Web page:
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Review: Dell Chromebook 3189 Is A Solid 2-in-1 Option For Schools

The CRN Test Center goes hands on with one of the most flexible Chromebooks on the market.

Kids are notoriously fidgety, not known to stay still for very long. So being able to provide a laptop with some extra flexibility might just come in handy in the classroom.

At the CRN Test Center we've been trying out the new Dell Chromebook 3189, an education-focused 2-in-1 that easily switches between different modes of usage. One minute it's a laptop, the next it's a tablet, or a screen for viewing video in "tent mode." To keep things simple, there's nothing to click on to toggle between modes (unlike on Windows 2-in-1s).

And, of course, the laptop's 11.6-inch display is a touch screen, which should give a welcome boost to interactivity for students.

[Related: 17 Cool New Laptops For The Education Market In 2017]

We think Dell has done a nice job all around with the Chromebook 3189. The must-have features for schools are all here. The laptop comes with a water-resistant keyboard and clickpad, along with a shock-absorbent body and Gorilla Glass on the display.

The Chromebook 3189 also gets solid marks on battery life. Touch screens tend to drain the battery, so it's wise for Dell to include a generous-size battery (42WHr, which is the same-size battery as many Dell Latitude laptops).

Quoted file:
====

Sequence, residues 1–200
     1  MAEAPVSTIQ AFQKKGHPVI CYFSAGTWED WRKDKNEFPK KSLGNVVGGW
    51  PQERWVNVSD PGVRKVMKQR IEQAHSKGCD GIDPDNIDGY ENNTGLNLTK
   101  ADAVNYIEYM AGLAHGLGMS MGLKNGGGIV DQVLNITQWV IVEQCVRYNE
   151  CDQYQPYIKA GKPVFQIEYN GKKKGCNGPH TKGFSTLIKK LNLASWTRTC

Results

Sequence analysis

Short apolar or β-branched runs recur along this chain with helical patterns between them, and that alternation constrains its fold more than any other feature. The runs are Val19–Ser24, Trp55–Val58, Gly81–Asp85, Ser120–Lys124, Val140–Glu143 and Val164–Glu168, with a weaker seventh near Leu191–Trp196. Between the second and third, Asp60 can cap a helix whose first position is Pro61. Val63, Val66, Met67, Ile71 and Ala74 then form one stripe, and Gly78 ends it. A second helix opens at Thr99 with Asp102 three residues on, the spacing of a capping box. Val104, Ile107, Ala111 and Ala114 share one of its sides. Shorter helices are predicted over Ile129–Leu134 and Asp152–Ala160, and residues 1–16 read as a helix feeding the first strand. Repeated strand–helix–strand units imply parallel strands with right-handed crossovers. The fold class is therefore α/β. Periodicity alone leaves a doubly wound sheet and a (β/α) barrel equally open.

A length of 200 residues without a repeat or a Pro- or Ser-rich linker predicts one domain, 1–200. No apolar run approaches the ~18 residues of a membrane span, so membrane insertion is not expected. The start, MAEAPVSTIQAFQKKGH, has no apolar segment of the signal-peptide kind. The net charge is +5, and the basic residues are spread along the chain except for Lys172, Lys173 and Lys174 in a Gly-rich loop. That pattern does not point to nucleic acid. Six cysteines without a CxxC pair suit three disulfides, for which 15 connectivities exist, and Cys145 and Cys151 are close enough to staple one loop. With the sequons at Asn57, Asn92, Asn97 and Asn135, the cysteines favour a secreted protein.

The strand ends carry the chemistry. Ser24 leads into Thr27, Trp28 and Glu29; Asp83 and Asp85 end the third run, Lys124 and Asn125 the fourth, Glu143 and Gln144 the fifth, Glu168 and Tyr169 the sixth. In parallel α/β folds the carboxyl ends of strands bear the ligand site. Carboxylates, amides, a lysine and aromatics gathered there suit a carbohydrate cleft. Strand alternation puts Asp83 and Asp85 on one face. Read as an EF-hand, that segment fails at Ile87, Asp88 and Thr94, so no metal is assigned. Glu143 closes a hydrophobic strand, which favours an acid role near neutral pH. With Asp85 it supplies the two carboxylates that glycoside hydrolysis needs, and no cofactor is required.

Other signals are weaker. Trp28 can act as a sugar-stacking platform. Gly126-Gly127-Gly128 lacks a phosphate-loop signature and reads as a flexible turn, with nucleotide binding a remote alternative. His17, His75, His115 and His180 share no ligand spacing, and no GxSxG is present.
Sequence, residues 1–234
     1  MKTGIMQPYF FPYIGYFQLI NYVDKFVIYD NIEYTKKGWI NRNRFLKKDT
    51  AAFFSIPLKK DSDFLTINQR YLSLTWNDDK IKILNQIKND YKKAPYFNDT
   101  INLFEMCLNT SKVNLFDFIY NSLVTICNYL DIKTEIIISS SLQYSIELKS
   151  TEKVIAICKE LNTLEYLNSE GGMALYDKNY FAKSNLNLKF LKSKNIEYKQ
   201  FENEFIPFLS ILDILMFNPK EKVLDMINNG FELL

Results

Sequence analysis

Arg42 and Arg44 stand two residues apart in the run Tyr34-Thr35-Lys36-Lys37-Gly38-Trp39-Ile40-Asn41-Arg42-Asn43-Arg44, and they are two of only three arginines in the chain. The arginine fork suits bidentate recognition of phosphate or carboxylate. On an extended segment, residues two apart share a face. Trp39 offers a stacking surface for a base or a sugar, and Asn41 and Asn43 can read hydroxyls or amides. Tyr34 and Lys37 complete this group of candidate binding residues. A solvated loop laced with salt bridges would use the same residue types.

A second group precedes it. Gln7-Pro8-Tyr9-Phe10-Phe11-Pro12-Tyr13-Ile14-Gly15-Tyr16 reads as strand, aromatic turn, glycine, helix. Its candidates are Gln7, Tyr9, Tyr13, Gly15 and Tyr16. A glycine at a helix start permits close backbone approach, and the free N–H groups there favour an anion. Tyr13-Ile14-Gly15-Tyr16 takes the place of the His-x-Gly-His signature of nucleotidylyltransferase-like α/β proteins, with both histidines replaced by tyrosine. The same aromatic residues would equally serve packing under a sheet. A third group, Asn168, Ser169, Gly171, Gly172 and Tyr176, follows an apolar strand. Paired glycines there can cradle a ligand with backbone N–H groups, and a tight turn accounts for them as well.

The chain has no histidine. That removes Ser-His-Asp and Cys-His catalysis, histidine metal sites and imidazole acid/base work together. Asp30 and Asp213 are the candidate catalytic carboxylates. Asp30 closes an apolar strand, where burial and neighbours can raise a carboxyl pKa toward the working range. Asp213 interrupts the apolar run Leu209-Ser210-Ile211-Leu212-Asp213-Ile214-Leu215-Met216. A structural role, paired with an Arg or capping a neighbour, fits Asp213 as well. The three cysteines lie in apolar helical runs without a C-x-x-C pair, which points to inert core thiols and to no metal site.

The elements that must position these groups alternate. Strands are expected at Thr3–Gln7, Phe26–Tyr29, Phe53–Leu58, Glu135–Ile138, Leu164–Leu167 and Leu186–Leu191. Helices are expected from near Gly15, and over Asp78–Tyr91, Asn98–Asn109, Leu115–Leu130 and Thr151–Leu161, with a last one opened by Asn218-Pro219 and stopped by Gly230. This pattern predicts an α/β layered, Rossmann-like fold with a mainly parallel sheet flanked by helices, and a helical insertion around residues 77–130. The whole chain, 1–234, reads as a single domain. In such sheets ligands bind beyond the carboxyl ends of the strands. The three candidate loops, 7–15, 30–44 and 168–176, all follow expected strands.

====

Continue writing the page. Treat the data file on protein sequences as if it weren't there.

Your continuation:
In our test, the Chromebook only drained halfway during four hours of heavy usage, suggesting that a full day in the classroom should be no problem.

What Dell didn't fiddle with is the display resolution and the processor. Both are the standard fare of Chromebooks—HD (1,366 x 768) resolution and Intel Celeron N3060.

The slow processor speed is the bigger downside, in our view. Performance was definitely a bit laggy. Using the Chromebook 3189 may require students to learn a bit of patience.

While the processor and resolution aren't superb, those are the trade-offs for keeping the Chromebook 3189 affordable for schools. And we think its $369 price for the laptop is still very reasonable, given the advantages it has over typical Chromebooks.

One thing the Chromebook 3189 doesn't have is the ability to support Android apps. Adding that functionality would open up lots of new avenues for student learning, and really that's the best argument we can think of for investing in a 2-in-1 Chromebook.

Just a few Android-ready Chromebooks have been announced so far -- including the 2-in-1 Samsung Chromebook Plus, which comes with a higher price tag of $450. It's also much thinner and lighter, and comes with a higher-res (Quad HD) display.

As it stands, though, the Dell Chromebook 3189 strikes us as a satisfying middle ground between the high- and low-end Chromebooks now on the market.

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